17. Li YJ, Li YZ, Cao T, Qin KR (2013) Transport of dynamic biochemical signals in steady flow in a shallow Y-shaped microfluidic channel: effect of transverse diffusion and longitudinal dispersion. J Biomech Eng 135:121011–121019CrossRefGoogle Scholar
  18. Li LF, Xiang C, Qin KR (2015) Modeling of TRPV4-C1-mediated calcium signaling in vascular endothelial cells induced by fluid shear stress and ATP. Biomech Model Mech 14:1–15CrossRefGoogle Scholar
  19. Mo M, Eskin SG, Schilling WP (1991) Flow-induced changes in Ca2+ signaling of vascular endothelial cells: effect of shear stress and ATP. Am J Physiol 260:707–1698Google Scholar
  20. Qin KR, Xiang C, Xu Z, Cao LL, Ge SS, Jiang ZL (2008) Dynamic modeling for shear stress induced ATP release from vascular endothelial cells. Biomech Model Mechbiol 5:345–353CrossRefGoogle Scholar
  21. Qin KR, Xiang C, Ge SS (2010) Generation of dynamic biochemical signals with a tube mixer: effect of dispersion in an oscillatory flow. Heat Mass Transf 6:675–686CrossRefGoogle Scholar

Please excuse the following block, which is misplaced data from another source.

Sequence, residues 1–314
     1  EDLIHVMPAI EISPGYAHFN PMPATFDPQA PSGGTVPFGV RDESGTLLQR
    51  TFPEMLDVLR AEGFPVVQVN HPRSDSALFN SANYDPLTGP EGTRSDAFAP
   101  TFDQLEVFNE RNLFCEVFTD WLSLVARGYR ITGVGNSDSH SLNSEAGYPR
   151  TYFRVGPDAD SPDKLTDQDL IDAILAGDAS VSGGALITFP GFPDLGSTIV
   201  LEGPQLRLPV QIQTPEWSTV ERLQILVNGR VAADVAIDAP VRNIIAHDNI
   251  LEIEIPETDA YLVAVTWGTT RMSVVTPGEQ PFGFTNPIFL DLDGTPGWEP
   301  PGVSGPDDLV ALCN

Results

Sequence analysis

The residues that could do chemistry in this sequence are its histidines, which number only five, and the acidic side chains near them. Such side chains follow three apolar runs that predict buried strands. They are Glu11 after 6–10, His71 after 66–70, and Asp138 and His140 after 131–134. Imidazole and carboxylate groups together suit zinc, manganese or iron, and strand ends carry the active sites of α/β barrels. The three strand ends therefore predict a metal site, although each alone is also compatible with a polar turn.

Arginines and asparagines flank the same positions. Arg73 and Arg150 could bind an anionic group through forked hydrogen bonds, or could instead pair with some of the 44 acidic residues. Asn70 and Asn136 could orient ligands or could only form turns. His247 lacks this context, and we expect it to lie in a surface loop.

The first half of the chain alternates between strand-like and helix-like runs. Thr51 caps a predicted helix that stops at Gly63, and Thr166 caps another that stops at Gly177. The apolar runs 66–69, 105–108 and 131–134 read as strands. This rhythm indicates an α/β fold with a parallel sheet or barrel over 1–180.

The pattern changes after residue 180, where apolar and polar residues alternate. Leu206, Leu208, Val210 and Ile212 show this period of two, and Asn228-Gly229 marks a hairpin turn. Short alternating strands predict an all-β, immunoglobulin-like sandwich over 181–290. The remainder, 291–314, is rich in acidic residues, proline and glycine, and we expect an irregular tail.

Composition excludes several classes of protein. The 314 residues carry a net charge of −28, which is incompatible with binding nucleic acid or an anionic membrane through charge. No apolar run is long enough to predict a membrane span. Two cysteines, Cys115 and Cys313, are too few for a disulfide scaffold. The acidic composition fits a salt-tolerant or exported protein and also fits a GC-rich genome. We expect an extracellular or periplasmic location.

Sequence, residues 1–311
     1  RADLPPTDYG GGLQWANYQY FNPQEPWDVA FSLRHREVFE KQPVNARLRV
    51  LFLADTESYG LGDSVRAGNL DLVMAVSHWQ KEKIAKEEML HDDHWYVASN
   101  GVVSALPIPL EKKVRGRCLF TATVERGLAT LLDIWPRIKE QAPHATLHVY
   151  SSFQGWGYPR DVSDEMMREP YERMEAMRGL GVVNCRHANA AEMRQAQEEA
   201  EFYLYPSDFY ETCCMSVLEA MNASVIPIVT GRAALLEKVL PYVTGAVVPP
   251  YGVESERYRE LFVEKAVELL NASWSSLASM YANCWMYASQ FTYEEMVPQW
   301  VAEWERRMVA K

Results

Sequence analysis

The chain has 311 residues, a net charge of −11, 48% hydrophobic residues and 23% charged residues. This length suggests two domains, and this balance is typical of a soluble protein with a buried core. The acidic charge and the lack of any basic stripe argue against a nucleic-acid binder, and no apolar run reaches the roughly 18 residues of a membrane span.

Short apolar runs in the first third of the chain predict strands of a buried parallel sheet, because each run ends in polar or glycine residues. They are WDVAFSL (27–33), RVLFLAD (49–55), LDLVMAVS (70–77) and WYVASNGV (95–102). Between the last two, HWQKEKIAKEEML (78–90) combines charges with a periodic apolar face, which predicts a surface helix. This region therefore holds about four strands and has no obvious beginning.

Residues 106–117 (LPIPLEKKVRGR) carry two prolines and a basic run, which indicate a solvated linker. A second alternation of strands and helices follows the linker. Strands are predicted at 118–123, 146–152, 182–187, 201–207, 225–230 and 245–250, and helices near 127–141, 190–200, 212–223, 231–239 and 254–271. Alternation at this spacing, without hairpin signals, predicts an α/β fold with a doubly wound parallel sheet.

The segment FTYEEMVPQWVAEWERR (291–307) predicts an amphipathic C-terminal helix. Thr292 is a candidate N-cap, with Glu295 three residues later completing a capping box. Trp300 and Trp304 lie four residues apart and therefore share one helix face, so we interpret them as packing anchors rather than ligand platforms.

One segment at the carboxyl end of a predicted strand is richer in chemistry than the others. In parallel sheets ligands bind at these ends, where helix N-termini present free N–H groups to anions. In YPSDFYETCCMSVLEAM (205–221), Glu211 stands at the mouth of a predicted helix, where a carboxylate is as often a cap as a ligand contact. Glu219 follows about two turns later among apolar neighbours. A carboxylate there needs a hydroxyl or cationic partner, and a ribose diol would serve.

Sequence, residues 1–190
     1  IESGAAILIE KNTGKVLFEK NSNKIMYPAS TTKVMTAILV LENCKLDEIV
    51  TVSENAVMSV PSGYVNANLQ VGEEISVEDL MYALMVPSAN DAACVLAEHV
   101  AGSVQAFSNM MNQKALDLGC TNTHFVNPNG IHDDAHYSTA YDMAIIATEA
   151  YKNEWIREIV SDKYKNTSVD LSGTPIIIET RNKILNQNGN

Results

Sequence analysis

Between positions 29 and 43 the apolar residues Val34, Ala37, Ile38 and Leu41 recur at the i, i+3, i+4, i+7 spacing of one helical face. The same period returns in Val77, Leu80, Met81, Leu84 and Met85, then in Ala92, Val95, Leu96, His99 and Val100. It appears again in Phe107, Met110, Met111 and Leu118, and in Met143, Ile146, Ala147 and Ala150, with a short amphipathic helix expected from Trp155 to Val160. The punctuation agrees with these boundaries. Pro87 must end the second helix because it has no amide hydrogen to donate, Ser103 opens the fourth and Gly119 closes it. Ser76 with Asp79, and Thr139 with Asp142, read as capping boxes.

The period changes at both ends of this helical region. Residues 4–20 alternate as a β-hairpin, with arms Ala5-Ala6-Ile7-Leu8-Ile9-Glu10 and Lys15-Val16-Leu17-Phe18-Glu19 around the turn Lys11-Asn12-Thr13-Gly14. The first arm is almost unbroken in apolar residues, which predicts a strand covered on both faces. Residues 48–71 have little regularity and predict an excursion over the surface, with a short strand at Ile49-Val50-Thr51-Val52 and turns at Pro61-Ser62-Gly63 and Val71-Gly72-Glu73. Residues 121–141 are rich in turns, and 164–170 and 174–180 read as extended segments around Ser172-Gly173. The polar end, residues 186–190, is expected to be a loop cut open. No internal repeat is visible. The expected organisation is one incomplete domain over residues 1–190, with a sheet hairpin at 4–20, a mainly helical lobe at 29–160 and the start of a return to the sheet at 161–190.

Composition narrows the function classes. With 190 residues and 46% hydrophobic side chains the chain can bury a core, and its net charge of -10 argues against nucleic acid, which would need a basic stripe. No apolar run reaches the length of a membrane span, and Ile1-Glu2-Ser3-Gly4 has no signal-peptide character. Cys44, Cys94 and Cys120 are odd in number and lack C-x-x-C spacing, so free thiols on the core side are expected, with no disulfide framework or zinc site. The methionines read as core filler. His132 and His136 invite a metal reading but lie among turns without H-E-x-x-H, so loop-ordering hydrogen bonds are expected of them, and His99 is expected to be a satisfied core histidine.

22. Shen J, Luscinskas FW, Gimbrone MA, Dewey CF (1994) Fluid flow modulates vascular endothelial cytosolic calcium responses to adenine nucleotides. Microcirculation 1:67–78CrossRefGoogle Scholar
  23. Shin H, Mahto SK, Kim JH, Rhee SW (2011) Exposure of BALB/3T3 fibroblast cells to temporal concentration profile of toxicant inside microfluidic device. Biochip J 5:214–219CrossRefGoogle Scholar
  24. Tanyeri M, Johnson EM, Schroeder CM (2010) Hydrodynamic trap for single particles and cells. Appl Phys Lett 22:224101CrossRefGoogle Scholar
  25. Yamada A, Katanosaka Y, Mohri S, Naruse K (2009) A rapid microfluidic switching system for analysis at the single cellular level. IEEE Trans Nanobiosci 8:306–311CrossRefGoogle Scholar